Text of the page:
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Mexico Takes Control of Rebel Strongholds : Chiapas: Guerrillas are seen heading deeper into mountains. Authorities confirm army colonel was slain.

February 12, 1995|JUANITA DARLING and MARK FINEMAN | TIMES STAFF WRITERS

NUEVA POZA RICA, Mexico — The Mexican army on Saturday fortified its positions in 11 towns that were strongholds of the Zapatista National Liberation Army, and authorities confirmed the first army casualty, a colonel apparently gunned down in an ambush.

Thirty helicopters, three combat airplanes, 30 light tanks and 32 armored cars were deployed to the rebel territory in the southern state of Chiapas, a spokesman for Mexico's National Defense Secretariat said.

Pilots who flew over said they saw troops advancing northward from a staging area at the former neutral zone of Guadalupe Tepeyac.

They also saw what appeared to be rebels heading further inward, toward rugged mountains and unsettled rain forest.

The whereabouts of Subcommander Marcos, branded a wanted man along with four other suspected rebel leaders last week, were still unknown Saturday. Reporters said they last saw him early Thursday in Guadalupe Tepeyac.

Mexico City's daily newspaper La Jornada, which has published dozens of interviews with the guerrilla leader and verbatim transcripts of his communiques during the past year, printed a letter Marcos wrote dated Feb. 2 to Interior Secretary Esteban Moctezuma Barragan.

Responding to rumors that President Ernesto Zedillo was planning to crack down on the Zapatistas, Marcos stated: "If that's so, well, you can proceed as you want. We will fight to the last man.

"What is coming, if nobody stops it, is guerrilla war," the subcommander added in the Jornada account, asserting that the rebels would win such a war.

Zedillo issued arrest warrants for the five Zapatista leaders last week, citing the discovery of arms caches and plans for rebel violence. He also revealed the identity of the mysterious leader Marcos.

The move was a turnaround in government policy, which had previously focused on a negotiated solution. And it was a high-stakes gamble for Zedillo, as some analysts predicted the president could lose political support and even spark a bloody guerrilla war.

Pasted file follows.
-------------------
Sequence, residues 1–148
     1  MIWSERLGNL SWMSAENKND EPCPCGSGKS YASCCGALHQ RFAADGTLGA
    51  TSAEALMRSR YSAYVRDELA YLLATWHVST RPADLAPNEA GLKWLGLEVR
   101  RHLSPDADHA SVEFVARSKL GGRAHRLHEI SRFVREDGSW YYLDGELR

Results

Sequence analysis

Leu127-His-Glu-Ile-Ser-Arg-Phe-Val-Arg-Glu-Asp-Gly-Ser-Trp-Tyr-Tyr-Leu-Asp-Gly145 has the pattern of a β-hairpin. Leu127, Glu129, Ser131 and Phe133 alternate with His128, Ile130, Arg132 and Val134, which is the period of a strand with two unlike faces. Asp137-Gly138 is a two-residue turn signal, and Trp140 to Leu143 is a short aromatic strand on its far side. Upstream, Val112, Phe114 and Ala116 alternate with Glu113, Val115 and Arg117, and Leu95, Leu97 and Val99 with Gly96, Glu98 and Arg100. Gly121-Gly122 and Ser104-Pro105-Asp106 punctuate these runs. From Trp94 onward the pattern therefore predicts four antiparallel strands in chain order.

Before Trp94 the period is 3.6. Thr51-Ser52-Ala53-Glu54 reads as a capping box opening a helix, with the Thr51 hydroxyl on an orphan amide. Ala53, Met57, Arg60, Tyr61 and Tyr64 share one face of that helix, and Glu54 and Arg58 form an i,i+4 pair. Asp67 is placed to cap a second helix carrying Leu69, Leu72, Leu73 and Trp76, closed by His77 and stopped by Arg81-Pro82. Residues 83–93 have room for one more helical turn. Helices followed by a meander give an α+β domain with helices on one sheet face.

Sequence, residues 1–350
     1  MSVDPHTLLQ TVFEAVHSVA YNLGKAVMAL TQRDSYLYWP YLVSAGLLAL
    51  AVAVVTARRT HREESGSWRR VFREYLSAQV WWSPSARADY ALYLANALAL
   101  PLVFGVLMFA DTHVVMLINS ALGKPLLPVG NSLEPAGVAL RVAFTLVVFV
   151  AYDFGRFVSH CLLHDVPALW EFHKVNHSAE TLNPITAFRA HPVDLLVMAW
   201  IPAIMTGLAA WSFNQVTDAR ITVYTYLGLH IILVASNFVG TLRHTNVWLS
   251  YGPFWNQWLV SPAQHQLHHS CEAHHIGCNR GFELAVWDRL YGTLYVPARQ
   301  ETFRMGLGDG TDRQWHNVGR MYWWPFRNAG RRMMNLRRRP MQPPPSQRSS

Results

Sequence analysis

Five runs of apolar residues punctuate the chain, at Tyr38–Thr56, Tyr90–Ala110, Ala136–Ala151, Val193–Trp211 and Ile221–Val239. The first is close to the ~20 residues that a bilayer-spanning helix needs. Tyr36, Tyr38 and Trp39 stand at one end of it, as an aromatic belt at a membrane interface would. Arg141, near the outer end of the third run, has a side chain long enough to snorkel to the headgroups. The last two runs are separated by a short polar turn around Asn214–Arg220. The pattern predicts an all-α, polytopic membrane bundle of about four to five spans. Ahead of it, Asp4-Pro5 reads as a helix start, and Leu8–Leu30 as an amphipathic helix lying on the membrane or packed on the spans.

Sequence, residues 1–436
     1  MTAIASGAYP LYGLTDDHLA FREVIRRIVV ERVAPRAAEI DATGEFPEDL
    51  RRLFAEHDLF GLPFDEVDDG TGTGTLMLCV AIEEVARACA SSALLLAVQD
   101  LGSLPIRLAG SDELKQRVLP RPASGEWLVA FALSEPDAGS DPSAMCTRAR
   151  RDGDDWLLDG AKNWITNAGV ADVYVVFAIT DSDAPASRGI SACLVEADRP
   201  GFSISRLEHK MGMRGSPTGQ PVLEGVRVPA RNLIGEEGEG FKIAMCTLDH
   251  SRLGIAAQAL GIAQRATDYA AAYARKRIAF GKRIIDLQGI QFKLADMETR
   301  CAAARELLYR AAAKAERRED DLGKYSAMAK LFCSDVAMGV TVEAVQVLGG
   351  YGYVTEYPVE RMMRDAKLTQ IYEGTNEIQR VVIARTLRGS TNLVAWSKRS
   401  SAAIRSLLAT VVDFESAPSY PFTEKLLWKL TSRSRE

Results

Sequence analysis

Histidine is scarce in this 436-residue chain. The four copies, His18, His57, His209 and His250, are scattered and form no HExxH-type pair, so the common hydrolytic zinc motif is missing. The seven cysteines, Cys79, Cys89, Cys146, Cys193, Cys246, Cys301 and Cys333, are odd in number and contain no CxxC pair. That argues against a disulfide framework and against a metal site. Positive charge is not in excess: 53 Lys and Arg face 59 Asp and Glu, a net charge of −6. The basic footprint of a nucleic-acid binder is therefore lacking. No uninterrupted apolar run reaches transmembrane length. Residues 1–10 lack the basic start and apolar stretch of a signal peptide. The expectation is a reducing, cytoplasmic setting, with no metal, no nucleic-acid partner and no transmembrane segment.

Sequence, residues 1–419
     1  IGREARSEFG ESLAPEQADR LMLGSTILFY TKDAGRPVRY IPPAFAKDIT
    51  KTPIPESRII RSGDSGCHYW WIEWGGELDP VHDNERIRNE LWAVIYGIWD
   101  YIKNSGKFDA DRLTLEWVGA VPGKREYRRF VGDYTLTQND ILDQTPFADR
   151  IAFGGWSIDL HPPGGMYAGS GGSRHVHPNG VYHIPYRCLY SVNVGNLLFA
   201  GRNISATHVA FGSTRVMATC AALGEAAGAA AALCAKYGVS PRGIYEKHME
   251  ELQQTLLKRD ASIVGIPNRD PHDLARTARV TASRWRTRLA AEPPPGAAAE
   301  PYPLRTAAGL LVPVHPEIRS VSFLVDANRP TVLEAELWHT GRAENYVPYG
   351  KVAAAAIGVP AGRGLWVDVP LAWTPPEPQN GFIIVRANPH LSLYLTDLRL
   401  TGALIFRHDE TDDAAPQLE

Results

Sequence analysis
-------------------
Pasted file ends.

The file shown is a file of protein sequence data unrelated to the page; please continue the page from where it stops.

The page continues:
Two of the five suspected leaders have been arrested, but have denied any connection to the uprising.

Military authorities in Chiapas confirmed that Col. Hugo Alfredo Manterola was killed, apparently by a sniper, on the road between the former rebel strongholds of Las Margaritas and Nuevo Momon. There were unconfirmed reports that another soldier died, and the government news agency Notimex said 10 were injured.

But officials said the ambush appeared to be an isolated incident, rather than the opening salvo of a new guerrilla war.

Reporters attempting to enter the rebel zone by airplane were turned back by army helicopters, continuing the government policy of strict control over information about the military action.

In a reversal of public sympathy when the Zapatistas took over several towns 13 months ago, demanding better living conditions and rights for Indians, opinion polls published in Mexico City on Saturday indicated broad popular support for the crackdown.

However, several thousand people--many chanting "We are all Marcos"--marched to Mexico City's main plaza to denounce the crackdown and express support for the Zapatistas.

And Mexicans in small villages at the edge of what has been rebel territory said they do not believe the government's actions will deter the rebels.

"This will go on," said Lauro Velasco, 33, the head of a 30-family, quasi-communal farm in Nueva Poza Rica, within sight of the Guatemalan border. "They say that if the army comes after (the rebels), they will be ready. They are willing to die."

Rebel attacks last year compelled many villagers to flee. But many here have decided to stay.

"When we fled last year, it was pure suffering," said Velasco, who spent two months in refugee camps before returning home. "If the comrades here do not kick us out, this time we will stay."

Zedillo pledged that civilians will have nothing to fear from the army and vowed to continue the operation strictly according to the law. He insisted that the new policy is neither authoritarian nor harsh, but a constitutional necessity to neutralize a threat to national security.

"Each and every one of the actions of the attorney general and the Mexican army has been conducted with the strict application of the law and with care to protect the humane civilian population and the indigenous communities in Chiapas," he declared in a communique issued from his official residence.

However, two men arrested as guerrilla leaders--Jorge Santiago Santiago and Jorge Javier Elorreaga--disputed the fairness of the government operation.

Santiago, the director of a statewide humanitarian agency for indigenous Mexicans, denied any connection to the rebels, and Elorreaga said he met Subcommander Marcos when he was producing a television documentary.

Elorreaga's wife, Maria Gloria Benavides, who was arrested last week, also blasted the government's actions.

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